27 Mar What Happens When We Refuse to Be Defined by Others
I got turned down for a writing gig this week. They weren’t looking for an essayist or someone writing about sex and I had to stifle the urge to write back and say, “But, but… I can write on this…. or this.” First of all, that would look pretty desperate. And, secondly I don’t really want to write about entertainment news or talk about the 2016 elections.
I started thinking about this urge I’ve had to ‘be accepted’ and how it has driven much of my life. There have been many times in my past when I’ve tried to be who someone else wanted me to be.
We do this to ourselves and we allow others to push us into the mold they find desirable. It starts with gender. Sugar and spice and everything nice. Girl babies wear pink; boy babies wear blue.
The internet is awash in messages for women—Lean In, Ban Bossy, The Perfect Mom. We’re not thin enough or have too many wrinkles. Children should be raised by a 2-parent, preferably male and female, household; women should work. And, talk about aging! Oh my. We’re made to feel inadequate at every turn. Sixty is the new forty. What does that even mean?
Why do we let other people define and shape us? Women seem particularly vulnerable to this. I don’t have any answers, but I understand that I no longer have to listen or play that game. You would think I’d have gotten that message long before now.
I’m entering into my sixtieth year. Holy Cow!
I’m thankful to the writing gig rejection for pushing me into a place of clarity. Timing is good. I just put my dating profile on line again after a long break. And I recall, all too clearly, the disastrous results from thinking that I could ‘be’ the woman this or that man wanted in a partner. It’s tempting to see an appealing profile and convince yourself he/she could be the perfect match even though you hate hiking and he lives for the 20 mile day hikes. To convince yourself you can handle cigar smoke if you only take enough allergy medication, etc.
This awareness is helpful as I continue to define who I get to be in this new career and this new decade.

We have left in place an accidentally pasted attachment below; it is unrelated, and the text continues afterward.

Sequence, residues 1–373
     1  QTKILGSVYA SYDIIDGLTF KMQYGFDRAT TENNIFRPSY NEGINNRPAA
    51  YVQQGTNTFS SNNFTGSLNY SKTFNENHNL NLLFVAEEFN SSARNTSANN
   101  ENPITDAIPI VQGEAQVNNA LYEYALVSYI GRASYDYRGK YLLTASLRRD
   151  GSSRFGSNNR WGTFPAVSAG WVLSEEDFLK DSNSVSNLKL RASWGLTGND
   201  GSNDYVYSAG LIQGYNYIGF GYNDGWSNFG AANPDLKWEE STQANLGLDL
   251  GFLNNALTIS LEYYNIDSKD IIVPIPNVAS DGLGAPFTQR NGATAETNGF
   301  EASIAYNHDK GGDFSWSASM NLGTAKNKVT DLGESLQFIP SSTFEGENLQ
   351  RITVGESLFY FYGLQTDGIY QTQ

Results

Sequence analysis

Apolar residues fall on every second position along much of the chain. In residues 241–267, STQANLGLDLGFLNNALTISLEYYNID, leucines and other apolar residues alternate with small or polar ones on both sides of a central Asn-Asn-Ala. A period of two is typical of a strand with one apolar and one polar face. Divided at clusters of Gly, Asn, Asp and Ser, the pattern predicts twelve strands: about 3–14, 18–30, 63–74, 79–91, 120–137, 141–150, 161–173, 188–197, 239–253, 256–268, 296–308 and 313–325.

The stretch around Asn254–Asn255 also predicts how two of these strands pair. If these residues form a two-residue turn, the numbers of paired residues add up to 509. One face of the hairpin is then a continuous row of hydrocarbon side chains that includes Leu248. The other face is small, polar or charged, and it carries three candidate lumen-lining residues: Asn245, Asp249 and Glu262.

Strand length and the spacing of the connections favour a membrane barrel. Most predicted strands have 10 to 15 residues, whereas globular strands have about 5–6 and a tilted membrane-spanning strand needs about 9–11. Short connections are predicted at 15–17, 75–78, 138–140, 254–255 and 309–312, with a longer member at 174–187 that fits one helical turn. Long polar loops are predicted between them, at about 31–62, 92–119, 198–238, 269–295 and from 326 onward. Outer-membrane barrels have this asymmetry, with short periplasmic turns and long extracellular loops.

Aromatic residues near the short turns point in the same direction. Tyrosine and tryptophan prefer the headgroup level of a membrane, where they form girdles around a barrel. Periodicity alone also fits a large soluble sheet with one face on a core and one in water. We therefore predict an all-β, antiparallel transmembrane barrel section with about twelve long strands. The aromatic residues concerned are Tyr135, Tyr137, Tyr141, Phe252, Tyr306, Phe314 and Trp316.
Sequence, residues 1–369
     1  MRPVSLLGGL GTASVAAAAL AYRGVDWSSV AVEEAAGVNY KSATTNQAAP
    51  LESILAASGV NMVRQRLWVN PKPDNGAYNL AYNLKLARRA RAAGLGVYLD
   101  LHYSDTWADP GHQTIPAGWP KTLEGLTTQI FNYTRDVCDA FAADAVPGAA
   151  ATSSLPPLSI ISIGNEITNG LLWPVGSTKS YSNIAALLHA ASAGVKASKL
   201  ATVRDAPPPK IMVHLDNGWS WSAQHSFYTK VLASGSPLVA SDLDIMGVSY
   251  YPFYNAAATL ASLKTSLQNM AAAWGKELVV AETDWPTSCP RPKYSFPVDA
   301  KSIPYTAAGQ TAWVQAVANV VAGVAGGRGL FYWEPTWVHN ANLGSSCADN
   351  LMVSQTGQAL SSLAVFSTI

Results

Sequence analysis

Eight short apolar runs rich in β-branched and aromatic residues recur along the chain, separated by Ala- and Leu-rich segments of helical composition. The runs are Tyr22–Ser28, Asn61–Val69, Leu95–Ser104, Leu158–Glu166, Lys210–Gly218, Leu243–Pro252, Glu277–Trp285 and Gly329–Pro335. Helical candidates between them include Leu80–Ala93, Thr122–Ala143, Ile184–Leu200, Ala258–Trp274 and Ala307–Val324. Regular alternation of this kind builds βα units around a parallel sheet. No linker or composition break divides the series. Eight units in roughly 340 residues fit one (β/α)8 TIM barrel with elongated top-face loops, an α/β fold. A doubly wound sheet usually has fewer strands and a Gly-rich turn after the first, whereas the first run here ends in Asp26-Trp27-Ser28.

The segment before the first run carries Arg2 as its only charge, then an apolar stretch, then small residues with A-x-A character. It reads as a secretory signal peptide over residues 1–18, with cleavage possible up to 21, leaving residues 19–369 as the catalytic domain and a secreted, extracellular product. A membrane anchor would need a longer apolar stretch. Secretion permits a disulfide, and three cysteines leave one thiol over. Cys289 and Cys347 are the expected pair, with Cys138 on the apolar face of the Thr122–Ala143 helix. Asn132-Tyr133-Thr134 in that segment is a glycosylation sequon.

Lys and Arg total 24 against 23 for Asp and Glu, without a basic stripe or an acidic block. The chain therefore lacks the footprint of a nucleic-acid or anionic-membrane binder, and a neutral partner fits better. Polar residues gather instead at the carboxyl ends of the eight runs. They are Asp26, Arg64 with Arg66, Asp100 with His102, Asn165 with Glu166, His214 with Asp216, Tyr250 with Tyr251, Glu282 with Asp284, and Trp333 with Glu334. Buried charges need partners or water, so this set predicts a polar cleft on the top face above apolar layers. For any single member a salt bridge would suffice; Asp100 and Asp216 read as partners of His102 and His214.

Clarity. It requires us to think about what we want and what we don’t want. To pay attention to how we feel in a given situation and whether that is where we want to be. Are we following our own rules or trying to be what others want and expect of us? Are we being heard in relationships? Is there mutual respect?
At the end of the day what matters is how we feel about what we do, how we spend our time, and the interactions we have with others. It’s knowing when to say yes and when to walk away. When to push harder, when to seek collaboration and cooperation, or realize that the relationship isn’t meeting your needs.
We aren’t a culture that embraces letting go. We’re all about adding on, loading up and bragging about the many things we can do. Wonder Woman personified.
To let go of something can be empowering when we act from clarity and intention. It’s not an admission of failure or defeat but rather an acknowledgement. Using the above mentioned writing job as an example—I realized that the website isn’t a good fit for my interests or skills. Rather than try to reshape myself into the writer they want, I can look for a place where “I” want to be.
There are lots of things we let go of in life—often they’re not of our choosing and we struggle to embrace the loss. The act of consciously letting go can be empowering, even if it means we let go of something dear to us. As women (and men to a lesser degree) we’re buffeted by all the voices telling us what to do, how to be, and how to look. We often assume that the speaker, if powerful or successful, knows what’s best for us.
The only person who can really tell you want to do is you. You get to decide what to go after in life–at this age and every age to come. Let go of that which doesn’t serve you. I’m doing that this year and the experience is very freeing. As for the writing job? By not pushing or trying to contort my interests to suit someone else I’m leaving space for a more suitable opportunity to appear.
Have you felt pushed to conform or meet some ideal? How did you deal with it?